May 2nd, 2011
08:35 AM ET
A new study is adding to rising concerns about the safety of bisphenol A (BPA), a chemical used to manufacture plastics and found in hundreds of household products, including plastic food containers, soda cans and reusable cups.
Research presented Sunday at the Pediatric Academic Societies annual meeting finds the higher the amount of BPA an expecting mother is exposed to early in her pregnancy, the more likely her newborn will experience wheezing during the first 3 years of life.
According to Dr. Adam Spanier, a pediatrician with Penn State’s Hershey Medical Center and lead author of the study, fetuses exposed to high levels of BPA at 16 weeks of gestation had an increased risk of transient wheeze. At 6 months the infants were twice as likely to wheeze; the condition persisted for 3 years then cleared up. If moms-to-be were exposed to BPA later in pregnancy, researchers did not see the same effect.
“The challenge with dealing with BPA is that it has such a broad range, from zero to several thousand,” Spanier explains. “We were just looking to see if any exposure was associated with wheezing.” At 16 weeks of gestation the women in this study tested positive for BPA levels ranging from 0.4 to 37.5 micrograms per liter.
Previous studies – done mainly on mice – have linked BPA to potential side effects on the brain, behavior and prostate gland of fetuses, infants and children, according to the Food and Drug Administration. But officials with the Environmental Protection Agency say there remains uncertainty in the extrapolation of dose levels from animals to humans. Still, last year the FDA concluded that there is “reason for some concern” and beefed up measures to reduce human exposure to the chemical. In particular, the governement warned parents to limit infants' use of products that contain bisphenol-A.
In response to the study, Steven Hentges, executive director of the Polycarbonate/BPA Global Group with the American Chemistry Council said this: “This small-scale study, which has not been peer-reviewed or published in the scientific literature, is inherently incapable of establishing a cause-effect relationship between any causative agent and wheezing. The statistical associations reported in this study have not been verified or corroborated by any other study on BPA, which is one of the best tested substances in commerce. Based on the full weight of scientific evidence, government agencies around the world have determined that BPA is safe for use.”
Spanier also notes that this investigation, which included 367 pairs of mothers and infants whose BPA levels were tested at 16 and 26 weeks of gestation and again during the delivery, was the first to evaluate the link between BPA and wheezing and the research needs to be replicated in another study population. In this study, 99% of the mothers in the study had detectable levels of urinary BPA at some point during the study. Factors associated with the increased levels in these women included working as a cashier, eating canned vegetables and exposure to tobacco smoke.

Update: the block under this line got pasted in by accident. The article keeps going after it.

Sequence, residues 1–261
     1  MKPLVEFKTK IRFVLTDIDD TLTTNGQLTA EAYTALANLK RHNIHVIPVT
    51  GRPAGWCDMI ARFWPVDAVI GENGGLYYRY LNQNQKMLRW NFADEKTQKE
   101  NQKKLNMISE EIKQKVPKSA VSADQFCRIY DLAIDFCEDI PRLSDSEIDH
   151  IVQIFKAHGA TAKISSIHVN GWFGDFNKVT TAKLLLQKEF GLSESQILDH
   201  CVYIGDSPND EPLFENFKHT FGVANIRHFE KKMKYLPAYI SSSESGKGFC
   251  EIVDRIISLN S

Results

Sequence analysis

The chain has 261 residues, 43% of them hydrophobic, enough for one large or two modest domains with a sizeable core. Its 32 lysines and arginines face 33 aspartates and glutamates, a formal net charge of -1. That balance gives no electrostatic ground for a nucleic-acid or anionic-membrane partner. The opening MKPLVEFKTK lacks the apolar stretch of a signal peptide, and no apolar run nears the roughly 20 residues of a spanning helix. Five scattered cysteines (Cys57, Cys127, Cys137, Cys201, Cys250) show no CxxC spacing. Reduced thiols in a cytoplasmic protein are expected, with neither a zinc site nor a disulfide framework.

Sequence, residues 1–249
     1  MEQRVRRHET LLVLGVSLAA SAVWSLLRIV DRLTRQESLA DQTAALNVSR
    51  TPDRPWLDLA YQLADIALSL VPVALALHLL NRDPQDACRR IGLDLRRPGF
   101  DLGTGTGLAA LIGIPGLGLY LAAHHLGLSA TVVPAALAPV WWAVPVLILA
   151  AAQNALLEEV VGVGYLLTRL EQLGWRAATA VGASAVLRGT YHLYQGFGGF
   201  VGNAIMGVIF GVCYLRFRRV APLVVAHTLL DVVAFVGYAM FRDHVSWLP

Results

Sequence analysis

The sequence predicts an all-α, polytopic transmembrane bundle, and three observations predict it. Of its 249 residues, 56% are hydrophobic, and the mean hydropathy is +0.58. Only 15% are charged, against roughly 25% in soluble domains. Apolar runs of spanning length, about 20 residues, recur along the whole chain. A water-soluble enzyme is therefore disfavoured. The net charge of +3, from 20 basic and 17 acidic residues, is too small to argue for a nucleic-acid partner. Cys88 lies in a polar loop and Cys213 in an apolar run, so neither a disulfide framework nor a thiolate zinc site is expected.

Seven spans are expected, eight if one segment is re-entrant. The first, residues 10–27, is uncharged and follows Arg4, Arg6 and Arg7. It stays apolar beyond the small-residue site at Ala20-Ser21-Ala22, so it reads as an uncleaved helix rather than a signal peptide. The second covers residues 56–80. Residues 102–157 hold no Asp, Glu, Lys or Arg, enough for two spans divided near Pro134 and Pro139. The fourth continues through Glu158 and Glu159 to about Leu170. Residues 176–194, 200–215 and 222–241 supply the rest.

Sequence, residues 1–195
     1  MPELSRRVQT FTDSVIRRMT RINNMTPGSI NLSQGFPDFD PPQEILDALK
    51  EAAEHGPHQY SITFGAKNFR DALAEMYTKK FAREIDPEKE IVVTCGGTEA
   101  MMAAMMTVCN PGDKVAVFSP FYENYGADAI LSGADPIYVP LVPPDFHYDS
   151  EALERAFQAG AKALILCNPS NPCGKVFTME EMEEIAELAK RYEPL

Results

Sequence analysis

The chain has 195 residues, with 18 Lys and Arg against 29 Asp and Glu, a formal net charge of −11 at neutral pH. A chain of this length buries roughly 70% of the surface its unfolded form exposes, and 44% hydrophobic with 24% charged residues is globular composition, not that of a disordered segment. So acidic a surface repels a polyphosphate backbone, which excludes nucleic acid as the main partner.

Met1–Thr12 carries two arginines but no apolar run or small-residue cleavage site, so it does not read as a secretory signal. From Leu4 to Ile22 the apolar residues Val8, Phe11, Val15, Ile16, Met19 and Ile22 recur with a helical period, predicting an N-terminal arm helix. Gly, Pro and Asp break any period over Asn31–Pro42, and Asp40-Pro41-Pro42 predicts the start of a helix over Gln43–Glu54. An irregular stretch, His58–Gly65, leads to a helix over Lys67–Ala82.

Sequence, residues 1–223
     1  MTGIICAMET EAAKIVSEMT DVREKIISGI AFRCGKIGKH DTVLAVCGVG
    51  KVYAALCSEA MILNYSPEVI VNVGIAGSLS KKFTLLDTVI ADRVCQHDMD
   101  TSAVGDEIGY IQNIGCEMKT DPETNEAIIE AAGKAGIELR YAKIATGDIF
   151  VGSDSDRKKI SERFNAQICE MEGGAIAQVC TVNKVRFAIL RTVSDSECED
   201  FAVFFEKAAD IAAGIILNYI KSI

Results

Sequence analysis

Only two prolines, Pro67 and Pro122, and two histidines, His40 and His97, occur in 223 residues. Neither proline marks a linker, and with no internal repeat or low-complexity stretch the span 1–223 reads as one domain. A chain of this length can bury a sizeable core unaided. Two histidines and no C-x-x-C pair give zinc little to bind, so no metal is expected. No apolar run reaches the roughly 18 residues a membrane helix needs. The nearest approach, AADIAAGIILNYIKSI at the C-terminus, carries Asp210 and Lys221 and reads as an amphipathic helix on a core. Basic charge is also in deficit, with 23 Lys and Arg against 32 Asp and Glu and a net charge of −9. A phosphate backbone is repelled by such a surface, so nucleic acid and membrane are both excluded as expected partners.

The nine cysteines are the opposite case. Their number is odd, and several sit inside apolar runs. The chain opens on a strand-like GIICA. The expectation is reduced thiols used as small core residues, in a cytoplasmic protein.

Health officials say there are several things that consumers can do to limit their exposure.
The Department of Health and Human Services recommends purchasing plastic containers marked at the bottom with recycle codes 1, 2, 4, 5, and 6 because they are very unlikely to contain BPA. You can also look for the "BPA-Free" label when shopping for canned goods and various household items.
Experts from the National Institutes of Health recommend consumers avoid putting polycarbonate plastic food containers into the microwave because high temperatures may break down the chemical and increase the chances of BPA entering your food.
The National Toxicology Program also provides a list of ways to reduce exposure, including opting for fresh or frozen fruits and vegetables instead of canned goods. The lining of the cans are often made with BPAs. They suggest using glass, porcelain or stainless steel containers to store food.
They also recommend consumers beware of the sales receipts you receive particularly at grocery stores and ATMs, as the developer used for dyes in thermal paper may contain levels of BPA which could pose a risk for human exposure. An NIH spokesperson suggests not taking a receipt unless you have to while the government continues to investigate.
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